The Texas Department of Savings and Mortgage Lending recently ordered mortgage provider Ocwen Financial Corporation to cease and desist. As HousingWire noted, Ocwen is the second-largest non-bank residential mortgage servicer in the state.
The San Antonio Business Journal reported that the CFPB filed a lawsuit against Ocwen in April, alleging the company failed to credit more than 1,000 borrowers' payments, mishandled hazard insurance for more than 10,000 borrowers and overcharged $1.2 million in premiums in a systematic way due to poor procedures and error-filled tracking software. Additionally, Ocwen illegally foreclosed on residential properties in some cases.
Read "Texas Orders Ocwen to Stop Acquiring New Mortgage Servicing Rights" (HousingWire) »
Read "Texas Regulator Orders Mortgage Service Company to Cease and Desist" (San Antonio Business Journal) »
Read the Cease and Desist Order »
Read the CFPB Lawsuit Filing »
CNBC | May 11, 2017
Tax News: U.S. House Tax Committee Sets First Hearing on Tax Reform
The U.S. House Ways and Means Committee on Thursday, May 11, set a May hearing on the potential impact of tax reform on U.S. economic growth, the first in what is expected to be a series of sessions as Congress edges toward tax reform legislation.
The Republican-controlled panel, which oversees tax policy in the House of Representatives, said in a statement that the hearing will take place on Thursday, May 18, at 10 a.m. and focus on tax reform policies that Republicans see as most likely to spur economic growth and job creation. The statement did not identify witnesses for the hearing.
Read More »
HousingWire | May 11, 2017
GSE News: FHFA Director Claims Next Year, Taxpayers Will Foot Any Fannie, Freddie Losses
On May 11, Federal Housing Finance Agency Director Melvin Watt testified before the U.S. Senate Committee on Banking, Housing and Urban Affairs as to the state of the government-sponsored enterprises' conservatorship.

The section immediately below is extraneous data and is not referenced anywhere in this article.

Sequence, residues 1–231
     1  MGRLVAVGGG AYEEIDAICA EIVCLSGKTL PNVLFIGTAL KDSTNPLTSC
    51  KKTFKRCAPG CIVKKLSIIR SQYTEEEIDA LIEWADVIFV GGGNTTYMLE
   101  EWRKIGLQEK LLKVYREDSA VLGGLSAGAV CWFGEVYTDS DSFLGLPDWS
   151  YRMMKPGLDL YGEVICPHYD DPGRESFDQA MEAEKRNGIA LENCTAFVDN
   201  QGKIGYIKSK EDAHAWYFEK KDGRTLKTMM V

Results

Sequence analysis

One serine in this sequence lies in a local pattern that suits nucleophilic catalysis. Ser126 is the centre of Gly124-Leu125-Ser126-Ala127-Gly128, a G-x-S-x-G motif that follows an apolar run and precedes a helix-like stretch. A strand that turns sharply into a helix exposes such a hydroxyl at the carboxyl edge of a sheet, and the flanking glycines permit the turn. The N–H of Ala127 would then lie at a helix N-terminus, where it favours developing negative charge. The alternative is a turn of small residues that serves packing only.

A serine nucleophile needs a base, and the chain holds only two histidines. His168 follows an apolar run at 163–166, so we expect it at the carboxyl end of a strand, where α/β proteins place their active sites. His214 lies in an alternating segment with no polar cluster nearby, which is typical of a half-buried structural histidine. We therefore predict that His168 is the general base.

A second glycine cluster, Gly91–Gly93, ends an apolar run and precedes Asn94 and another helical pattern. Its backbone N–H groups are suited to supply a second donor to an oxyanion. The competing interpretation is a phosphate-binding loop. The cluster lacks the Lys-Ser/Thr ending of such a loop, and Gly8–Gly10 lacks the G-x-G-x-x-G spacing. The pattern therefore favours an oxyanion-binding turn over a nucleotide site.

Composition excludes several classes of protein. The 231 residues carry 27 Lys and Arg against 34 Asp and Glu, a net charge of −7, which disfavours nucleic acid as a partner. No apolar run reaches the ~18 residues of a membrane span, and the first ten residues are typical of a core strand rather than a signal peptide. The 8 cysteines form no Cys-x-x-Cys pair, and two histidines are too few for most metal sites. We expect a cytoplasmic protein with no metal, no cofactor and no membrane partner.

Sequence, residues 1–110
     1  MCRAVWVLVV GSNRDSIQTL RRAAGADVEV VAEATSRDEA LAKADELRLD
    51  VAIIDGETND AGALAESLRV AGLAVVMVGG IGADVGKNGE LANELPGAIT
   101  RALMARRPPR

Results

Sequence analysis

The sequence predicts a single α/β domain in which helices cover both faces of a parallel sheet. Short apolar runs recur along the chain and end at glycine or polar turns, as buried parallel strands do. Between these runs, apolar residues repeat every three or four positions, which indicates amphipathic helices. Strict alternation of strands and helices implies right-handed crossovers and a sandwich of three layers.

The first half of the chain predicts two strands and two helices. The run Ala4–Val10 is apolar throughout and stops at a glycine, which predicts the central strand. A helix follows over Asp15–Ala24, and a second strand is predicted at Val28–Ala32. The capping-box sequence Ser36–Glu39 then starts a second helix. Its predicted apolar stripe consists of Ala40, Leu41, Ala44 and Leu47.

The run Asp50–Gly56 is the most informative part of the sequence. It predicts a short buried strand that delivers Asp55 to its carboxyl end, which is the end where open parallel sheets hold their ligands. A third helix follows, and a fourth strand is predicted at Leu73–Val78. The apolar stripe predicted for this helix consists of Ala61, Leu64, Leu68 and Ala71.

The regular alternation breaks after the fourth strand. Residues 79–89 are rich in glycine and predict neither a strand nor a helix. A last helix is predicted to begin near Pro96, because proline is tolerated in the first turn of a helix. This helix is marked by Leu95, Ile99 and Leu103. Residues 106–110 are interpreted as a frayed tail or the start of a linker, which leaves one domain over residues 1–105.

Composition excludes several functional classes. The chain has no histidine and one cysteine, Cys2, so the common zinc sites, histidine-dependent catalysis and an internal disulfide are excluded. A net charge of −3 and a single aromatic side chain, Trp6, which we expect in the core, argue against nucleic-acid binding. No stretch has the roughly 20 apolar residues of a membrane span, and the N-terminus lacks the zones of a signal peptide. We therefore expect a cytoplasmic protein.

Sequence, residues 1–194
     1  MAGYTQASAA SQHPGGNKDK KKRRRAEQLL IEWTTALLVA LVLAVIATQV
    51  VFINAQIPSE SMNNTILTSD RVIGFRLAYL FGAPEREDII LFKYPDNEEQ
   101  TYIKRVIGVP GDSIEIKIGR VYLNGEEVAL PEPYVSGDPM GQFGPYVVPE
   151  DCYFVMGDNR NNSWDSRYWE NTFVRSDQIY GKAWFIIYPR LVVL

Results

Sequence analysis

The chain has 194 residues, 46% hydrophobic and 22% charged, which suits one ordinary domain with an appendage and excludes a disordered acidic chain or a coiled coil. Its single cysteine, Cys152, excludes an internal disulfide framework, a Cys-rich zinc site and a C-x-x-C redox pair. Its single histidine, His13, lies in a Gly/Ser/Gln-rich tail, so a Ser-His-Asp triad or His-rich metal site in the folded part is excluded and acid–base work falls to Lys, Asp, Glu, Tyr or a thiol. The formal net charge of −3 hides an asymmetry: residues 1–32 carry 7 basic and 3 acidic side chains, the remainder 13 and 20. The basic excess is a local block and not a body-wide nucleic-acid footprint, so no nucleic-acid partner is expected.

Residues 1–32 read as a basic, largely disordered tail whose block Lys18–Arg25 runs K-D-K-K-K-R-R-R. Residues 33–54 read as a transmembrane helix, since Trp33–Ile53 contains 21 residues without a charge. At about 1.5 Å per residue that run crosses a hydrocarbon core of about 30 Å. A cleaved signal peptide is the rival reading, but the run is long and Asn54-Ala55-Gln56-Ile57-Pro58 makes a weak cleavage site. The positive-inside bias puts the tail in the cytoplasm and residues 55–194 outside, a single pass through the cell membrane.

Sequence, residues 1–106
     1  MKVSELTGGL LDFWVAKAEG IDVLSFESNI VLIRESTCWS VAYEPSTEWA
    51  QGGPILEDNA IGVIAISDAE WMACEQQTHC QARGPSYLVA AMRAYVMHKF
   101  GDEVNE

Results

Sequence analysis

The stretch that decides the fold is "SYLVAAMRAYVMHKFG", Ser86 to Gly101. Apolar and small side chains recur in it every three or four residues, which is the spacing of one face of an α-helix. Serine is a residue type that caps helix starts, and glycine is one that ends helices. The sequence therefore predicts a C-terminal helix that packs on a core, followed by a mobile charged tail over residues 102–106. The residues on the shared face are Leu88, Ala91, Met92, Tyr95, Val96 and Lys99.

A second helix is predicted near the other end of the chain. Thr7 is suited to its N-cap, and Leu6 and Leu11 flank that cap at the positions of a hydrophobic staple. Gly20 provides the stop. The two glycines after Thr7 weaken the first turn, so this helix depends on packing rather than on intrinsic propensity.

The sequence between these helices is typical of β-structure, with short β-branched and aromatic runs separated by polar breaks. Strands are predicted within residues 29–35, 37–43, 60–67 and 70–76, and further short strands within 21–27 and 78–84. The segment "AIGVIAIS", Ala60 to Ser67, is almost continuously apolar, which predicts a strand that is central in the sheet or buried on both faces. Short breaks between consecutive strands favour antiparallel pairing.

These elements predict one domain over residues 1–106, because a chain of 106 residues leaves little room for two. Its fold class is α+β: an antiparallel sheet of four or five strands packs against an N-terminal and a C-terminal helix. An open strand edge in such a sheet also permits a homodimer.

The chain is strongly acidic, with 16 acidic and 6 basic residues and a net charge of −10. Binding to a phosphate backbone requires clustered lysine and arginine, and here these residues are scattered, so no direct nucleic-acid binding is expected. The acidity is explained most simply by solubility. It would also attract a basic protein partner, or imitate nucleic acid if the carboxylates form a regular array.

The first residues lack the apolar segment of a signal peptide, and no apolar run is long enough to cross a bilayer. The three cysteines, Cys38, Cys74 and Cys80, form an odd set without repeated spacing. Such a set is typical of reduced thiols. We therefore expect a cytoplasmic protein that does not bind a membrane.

In his prepared remarks, he emphasized that reform for Fannie Mae and Freddie Mac is needed, and soon.
Read More »
HousingWire | May 12, 2017
FSA News: Trump Rumored to Tap Brian Montgomery to Lead FHA
Trump is reportedly going to tap Brian Montgomery to run the Federal Housing Administration, according to an article in Politico by Lorraine Woellert and Josh Dawsey, which cited industry people with knowledge of the decision.
The article noted that the Trump administration is waiting until he completes requisite background checks to officially nominate Montgomery for the position.
Read More »
CFPB News: Republican Threat to CFPB Rules May Mean Enforcement Boost
Bloomberg BNA | May 12, 2017
The CFPB will likely focus more on enforcement and less on rulemaking as the agency navigates an uncertain future and awaits the fate of its first-ever director, holdover Democrat Richard Cordray, several former CFPB officials told Bloomberg BNA.
Republicans’ willingness to deploy a regulation-busting tool known as the Congressional Review Act against rules issued by federal agencies will probably make the CFPB think twice about aggressive rulemakings going forward.
Read More »
TLTA has scheduled several live webinars for spring and summer 2017. Register now, or reserve your On-Demand version today!